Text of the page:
Economic Preview: The holiday season will showcase the best and worst of the U.S. economy

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The busy holiday shopping season is likely to showcase a big divide in the U.S. economy.

The U.S. holiday season is ready to kick off this week after the Thanksgiving feast, but not every part of the economy can expect to share in the bounty.

American households have spent a bundle this year to keep the economy plowing ahead in a record 11th year without a recession. Consumers have accounted for 80% of the economy’s growth, with government spending supplying most of the rest.

Largely absent from the stage has been the third major actor in the economy: business. Spending and investment by companies big and small has basically flat-lined in 2019 after robust growth in the prior two years.

A fusillade of economic reports this week — most of them bunched up the day before the holiday on Thursday November 28th — is likely to affirm the yawning gap between consumer and business spending.

A closely followed gauge of consumer confidence from the U.S. Conference Board on Tuesday is expected to rebound while consumer spending may have gotten off to a decent start in the fourth quarter in the Commerce Department’s personal consumption and income data due Wednesday.

What’s added to sunnier tone is a surging stock market DJIA, +0.39% SPX, +0.22%  that’s set fresh record highs and an easing of trade tensions between the U.S. and China. The unemployment rate also remains near a 50-year low and wages are rising a healthy 3% a year.

“We are still seeing pretty good wage and income growth,” said Sam Bullard, senior economist at Wells Fargo Economics Group. “Consumers continue to discount what is going on in Washington and abroad. They’re focused more on their jobs and income prospects.”

Read: It’s great the stock market is setting records, but it’s not because economy is great

Also giving the economy a mild boost is a resurgent housing market. Sales of new and previously owned homes have rebounded after a plunge in interest rates pulled more buyers back into the market. Builders have also increased construction.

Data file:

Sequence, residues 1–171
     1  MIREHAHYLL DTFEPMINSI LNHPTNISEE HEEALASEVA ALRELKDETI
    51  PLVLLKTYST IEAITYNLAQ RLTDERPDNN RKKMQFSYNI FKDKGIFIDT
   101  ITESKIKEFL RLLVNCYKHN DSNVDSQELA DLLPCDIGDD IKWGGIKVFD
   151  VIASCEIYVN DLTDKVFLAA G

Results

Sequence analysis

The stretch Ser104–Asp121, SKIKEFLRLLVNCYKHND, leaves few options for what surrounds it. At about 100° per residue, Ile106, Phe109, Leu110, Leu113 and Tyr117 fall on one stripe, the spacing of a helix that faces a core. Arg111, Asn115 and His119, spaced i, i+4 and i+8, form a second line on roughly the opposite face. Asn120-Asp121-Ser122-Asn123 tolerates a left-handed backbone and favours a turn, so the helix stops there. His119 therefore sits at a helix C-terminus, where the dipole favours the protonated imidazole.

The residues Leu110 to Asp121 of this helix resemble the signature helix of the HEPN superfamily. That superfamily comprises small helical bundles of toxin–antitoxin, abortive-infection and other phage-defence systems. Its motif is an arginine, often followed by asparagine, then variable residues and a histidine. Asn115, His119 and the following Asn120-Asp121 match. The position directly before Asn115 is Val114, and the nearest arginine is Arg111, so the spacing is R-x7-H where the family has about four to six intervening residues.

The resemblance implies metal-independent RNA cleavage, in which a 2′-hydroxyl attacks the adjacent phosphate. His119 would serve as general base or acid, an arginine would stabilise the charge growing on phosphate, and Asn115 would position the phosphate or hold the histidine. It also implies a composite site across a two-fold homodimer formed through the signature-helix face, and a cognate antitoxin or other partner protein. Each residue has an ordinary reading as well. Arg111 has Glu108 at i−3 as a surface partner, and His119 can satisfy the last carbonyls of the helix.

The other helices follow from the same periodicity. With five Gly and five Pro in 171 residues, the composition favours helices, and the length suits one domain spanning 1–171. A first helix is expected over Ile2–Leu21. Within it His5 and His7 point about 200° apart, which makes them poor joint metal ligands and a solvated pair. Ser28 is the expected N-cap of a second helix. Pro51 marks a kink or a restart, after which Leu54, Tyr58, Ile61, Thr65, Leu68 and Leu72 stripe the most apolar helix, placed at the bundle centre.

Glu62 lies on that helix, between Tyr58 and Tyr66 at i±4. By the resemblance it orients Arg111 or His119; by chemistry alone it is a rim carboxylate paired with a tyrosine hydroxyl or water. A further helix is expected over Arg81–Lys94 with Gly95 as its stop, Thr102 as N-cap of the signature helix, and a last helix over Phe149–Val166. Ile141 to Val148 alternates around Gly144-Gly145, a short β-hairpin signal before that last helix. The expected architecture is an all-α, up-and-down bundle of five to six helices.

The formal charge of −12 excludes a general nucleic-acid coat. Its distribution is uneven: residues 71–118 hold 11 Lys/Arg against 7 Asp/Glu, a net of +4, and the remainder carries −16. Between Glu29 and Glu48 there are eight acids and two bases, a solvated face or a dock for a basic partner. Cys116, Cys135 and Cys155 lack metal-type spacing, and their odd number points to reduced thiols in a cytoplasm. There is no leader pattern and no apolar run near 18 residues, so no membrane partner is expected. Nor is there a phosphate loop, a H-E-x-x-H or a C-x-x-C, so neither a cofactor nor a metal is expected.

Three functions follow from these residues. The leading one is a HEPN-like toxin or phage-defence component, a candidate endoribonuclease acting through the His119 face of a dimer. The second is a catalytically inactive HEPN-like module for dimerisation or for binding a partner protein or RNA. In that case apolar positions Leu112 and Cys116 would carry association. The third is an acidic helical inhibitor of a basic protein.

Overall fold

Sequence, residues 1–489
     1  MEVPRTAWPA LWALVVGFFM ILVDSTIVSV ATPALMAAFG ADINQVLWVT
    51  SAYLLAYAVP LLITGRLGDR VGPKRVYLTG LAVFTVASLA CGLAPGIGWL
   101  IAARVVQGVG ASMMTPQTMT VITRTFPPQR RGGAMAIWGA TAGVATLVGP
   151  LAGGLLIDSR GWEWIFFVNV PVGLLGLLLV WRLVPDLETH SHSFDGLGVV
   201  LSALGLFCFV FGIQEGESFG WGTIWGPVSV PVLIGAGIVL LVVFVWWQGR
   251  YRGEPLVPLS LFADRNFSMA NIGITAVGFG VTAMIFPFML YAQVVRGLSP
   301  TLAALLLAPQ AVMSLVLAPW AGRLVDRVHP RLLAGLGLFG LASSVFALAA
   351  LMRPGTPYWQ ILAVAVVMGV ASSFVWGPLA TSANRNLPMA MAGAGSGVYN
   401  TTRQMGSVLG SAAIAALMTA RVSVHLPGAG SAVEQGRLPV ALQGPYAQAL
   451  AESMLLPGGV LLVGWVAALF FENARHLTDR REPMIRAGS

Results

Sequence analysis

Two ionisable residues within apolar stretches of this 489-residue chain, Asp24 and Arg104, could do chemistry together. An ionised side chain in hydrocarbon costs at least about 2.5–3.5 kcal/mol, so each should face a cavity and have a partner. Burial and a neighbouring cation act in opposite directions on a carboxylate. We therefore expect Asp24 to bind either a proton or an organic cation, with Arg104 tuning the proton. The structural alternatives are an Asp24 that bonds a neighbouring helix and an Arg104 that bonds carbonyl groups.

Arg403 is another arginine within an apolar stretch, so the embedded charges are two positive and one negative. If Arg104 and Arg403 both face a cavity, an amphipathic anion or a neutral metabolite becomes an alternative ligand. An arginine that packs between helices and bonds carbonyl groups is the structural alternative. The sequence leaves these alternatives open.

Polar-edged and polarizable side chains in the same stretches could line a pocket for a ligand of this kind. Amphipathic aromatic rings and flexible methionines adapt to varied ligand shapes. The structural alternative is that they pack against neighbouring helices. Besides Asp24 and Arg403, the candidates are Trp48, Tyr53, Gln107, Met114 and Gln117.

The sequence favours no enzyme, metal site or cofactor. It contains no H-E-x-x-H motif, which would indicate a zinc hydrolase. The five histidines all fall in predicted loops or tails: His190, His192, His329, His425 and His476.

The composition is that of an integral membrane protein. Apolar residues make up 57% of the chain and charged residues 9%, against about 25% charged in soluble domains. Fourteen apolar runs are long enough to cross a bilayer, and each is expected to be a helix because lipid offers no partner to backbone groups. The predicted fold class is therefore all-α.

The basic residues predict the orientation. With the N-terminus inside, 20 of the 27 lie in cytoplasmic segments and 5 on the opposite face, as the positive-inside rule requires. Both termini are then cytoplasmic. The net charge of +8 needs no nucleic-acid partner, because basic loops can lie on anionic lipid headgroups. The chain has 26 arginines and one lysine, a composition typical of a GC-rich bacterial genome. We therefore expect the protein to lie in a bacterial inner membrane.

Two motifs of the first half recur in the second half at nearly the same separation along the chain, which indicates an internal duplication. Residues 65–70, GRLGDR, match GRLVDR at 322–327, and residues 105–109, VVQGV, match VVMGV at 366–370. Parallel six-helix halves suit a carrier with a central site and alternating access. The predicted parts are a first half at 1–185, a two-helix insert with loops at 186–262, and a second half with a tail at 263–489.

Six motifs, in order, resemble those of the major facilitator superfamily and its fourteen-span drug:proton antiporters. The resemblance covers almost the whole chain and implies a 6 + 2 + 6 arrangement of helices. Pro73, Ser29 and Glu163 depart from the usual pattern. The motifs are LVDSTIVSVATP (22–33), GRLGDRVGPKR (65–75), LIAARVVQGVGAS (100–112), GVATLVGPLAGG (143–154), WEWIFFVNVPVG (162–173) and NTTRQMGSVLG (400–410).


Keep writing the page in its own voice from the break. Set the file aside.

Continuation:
“Housing continues on a steady recovery path,” said Neil Dutta, head of economics at Renaissance Macroresearch. “Mortgage applications to buy homes are running about 10% higher vs. a year earlier, he noted.

What’s likely to continue to constrain the industry is a shortage of new or used properties for sale. There’s just not enough housing to reduce the pressure on prices and satisfy all the potential buyers.

Pending home sales data is due Wednesday also, preceded by the Case Shiller home price index on Tuesday.

The outlook is not so bright for most other businesses.

Wall Street expects a decline in orders for durable goods in October in data due Wednesday, mirroring a yearlong trend. These are big-ticket items such as cars, appliances, computers and the like whose sales represent a sizable chunk of the economy.

A key measure of business investment known as core capital orders is also likely to be soft. Investment has fallen slightly through the first nine months of 2019, a far cry from the double-digit growth just a few years ago.

The divergence between consumers and businesses won’t narrow anytime soon.

The U.S.-China trade fight has damaged the broader global economy, hurting big U.S. exporters in farming and manufacturing. It’s also led to a global stagnation in trade and investment.

Even a so-called phase-one trade deal between the U.S. and China won’t spur businesses to crank up investment. They’ll need to see progress — a lot more progress — before they regain enough confidence to act.

Read: Wall Street doubts grow as U.S. and China struggle to finish off ‘skinny’ trade deal

“Certainly it would be encouraging, but there’s still a lot of uncertainty,” Wells Fargo’s Bullard said. “The economy we’ve seen for a while now looks like it will persist into early next year.”

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